For the past two and half months, Mr. Phanse had become a pain in the neck for Raj. Only four days after Mr. Phanse had started taking this bus from the depot, he had beaten Raj to his favorite seat for the next two months or so. On the first four days that Mr. Phanse sat behind Raj, he had tolerated spatters on his hand, his shirt, his cheek, and finally on his glasses. Unlike Raj, Mr. Phanse had made conscious efforts on each of those days to beat him to that seat. Instead of an aggressive approach, he decided to take a sensible step to solve this problem. He had begun to enjoy taking this bus to his office, but that joyride had come to an end three days ago. Raj had been able to reclaim that which he thought was rightfully his.

The bus got the next four green signals and sped toward Raj’s second spot in about nine minutes. The traffic signal at the crossroad before the Mahavir Nagar bus stand was where he would usually spit out all his ‘paan’. Ninety-nine times out of hundred would his bus get a red signal and stop. Raj looked up at the signal as he approached it. The signal was green. He was sure it would turn red as the bus reached the zebra crossing.

His mouth was already full of saliva. He tried to get out any remaining bits and pieces of ‘paan’ from the teeth with his tongue. He gargled once so that any pieces of ‘paan’ stuck to his teeth and gums would come away. He moved his head toward the window and looked at the signal as the bus closed in on it. It turned red and the bus stopped. Raj immediately put his head closer to the window opening and emptied his mouth. Right under his window a Bajaj Avenger sped away. Almost all of the red saliva fell on the biker’s back and some on the rear seat. Raj looked at the biker as he sped away and then at the signal. Still red. He got his head away from the window and swore angrily, ‘That’s your punishment for breaking the traffic signal!’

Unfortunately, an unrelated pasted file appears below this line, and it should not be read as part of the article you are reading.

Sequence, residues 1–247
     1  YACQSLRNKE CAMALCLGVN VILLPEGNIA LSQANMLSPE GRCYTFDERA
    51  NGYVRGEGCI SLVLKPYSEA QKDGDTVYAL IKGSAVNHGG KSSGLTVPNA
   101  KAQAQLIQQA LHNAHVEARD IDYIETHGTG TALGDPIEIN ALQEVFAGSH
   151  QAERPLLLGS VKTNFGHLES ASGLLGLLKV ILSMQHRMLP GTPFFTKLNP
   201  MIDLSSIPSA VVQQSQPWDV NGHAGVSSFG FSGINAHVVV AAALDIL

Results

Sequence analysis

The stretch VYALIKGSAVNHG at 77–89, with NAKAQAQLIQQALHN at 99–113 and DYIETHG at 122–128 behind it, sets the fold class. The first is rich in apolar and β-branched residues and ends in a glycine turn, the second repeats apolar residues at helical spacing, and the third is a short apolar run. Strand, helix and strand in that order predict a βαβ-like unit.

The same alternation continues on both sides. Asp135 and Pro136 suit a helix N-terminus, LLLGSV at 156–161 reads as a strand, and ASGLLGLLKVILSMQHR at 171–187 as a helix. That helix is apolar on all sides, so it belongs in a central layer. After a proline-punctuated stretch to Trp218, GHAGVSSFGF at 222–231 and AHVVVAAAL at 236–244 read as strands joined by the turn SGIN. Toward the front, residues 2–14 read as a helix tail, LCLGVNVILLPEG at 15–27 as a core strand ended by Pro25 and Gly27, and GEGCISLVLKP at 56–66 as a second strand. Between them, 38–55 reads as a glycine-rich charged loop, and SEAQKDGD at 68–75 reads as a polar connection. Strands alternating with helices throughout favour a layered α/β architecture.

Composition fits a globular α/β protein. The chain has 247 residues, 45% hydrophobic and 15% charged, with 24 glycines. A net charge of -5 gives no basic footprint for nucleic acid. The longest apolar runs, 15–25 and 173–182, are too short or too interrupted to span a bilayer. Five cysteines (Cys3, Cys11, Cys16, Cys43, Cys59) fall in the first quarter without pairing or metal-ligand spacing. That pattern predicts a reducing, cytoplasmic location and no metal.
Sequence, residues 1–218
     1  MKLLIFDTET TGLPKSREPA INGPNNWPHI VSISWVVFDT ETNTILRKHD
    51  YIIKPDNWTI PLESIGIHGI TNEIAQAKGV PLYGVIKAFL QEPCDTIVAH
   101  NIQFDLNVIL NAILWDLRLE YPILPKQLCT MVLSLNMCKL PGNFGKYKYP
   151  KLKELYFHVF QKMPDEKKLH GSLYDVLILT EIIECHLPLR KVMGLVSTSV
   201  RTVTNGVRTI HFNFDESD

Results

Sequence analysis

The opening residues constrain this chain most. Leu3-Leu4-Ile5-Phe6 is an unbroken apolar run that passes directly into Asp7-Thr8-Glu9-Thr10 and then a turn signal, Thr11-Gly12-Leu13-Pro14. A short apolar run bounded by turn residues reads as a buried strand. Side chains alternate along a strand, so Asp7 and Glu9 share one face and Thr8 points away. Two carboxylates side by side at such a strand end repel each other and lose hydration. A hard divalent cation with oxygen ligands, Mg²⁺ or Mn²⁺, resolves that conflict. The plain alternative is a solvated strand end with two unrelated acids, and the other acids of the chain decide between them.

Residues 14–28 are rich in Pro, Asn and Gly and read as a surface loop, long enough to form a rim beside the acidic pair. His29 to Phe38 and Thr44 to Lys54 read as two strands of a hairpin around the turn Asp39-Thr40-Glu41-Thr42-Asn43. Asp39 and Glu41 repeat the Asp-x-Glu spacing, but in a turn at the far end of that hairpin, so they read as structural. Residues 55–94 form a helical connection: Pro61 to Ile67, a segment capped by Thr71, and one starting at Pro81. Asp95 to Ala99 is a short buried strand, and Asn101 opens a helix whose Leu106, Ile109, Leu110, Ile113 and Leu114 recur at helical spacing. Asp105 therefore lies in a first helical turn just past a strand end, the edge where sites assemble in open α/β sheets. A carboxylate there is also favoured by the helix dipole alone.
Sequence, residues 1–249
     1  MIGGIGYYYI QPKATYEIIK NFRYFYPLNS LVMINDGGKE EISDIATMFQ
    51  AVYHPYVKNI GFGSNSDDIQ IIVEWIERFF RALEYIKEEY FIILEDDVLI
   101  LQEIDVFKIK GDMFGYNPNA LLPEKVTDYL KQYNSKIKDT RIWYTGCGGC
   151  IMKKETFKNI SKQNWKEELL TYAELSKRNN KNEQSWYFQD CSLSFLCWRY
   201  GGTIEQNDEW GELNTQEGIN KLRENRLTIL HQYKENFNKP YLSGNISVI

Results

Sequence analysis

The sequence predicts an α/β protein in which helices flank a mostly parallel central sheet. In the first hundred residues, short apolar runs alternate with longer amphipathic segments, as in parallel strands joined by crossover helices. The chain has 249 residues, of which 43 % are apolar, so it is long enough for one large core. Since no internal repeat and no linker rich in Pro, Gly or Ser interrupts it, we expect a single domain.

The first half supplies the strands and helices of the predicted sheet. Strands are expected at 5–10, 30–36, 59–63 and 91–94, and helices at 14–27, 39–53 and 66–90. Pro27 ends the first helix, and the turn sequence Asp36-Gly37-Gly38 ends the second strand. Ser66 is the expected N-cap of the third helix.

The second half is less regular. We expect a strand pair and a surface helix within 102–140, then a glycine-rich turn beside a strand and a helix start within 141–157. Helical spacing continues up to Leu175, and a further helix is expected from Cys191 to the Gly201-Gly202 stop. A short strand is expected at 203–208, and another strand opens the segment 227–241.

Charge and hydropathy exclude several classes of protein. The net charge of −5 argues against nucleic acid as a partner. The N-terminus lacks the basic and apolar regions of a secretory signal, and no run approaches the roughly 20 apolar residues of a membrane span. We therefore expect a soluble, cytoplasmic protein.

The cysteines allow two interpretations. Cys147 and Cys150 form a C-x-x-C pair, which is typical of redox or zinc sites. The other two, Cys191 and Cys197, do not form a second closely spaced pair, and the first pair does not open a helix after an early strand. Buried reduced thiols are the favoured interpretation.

Wait! Not all the red saliva had got out of his mouth. Some of it still remained. And more of it had started to gather. He looked straight up ahead without a hint of worry. Because in another 10 minutes, the bus would be nearing Lalji Pada and right after the Lalji Pada bus stop there was a garbage dumping area on the roadside. Raj had used this area before and that’s what he planned to do next.

The bus did not stop at Lalji Pada as it was fully loaded. It moved on and passed the garbage bins. Raj took the opportunity to spit out all the red saliva toward the bins. This time he didn’t look back at Mr. Phanse.

The bus moved some distance and slowed down because up ahead there was a signal and also a speed breaker before it. Out of nowhere, a man came running toward the bus, jumped up near Raj’s window, and spit a whole load of red saliva inside.

Raj’s face, his arms, and his shirt were smeared with red saliva. A stream of red ran down his cheeks toward his mouth. There was red on his ring and his watch. There was red inside his shirt pocket and collar. The look on his face was of utter disbelief. His face was not, “How could it happen to me?”, but, “How could such a thing ever happen?”

Raj was a branch manager of a famous stock broking company at Malad.

*Only two paragraphs of fiction in this short story.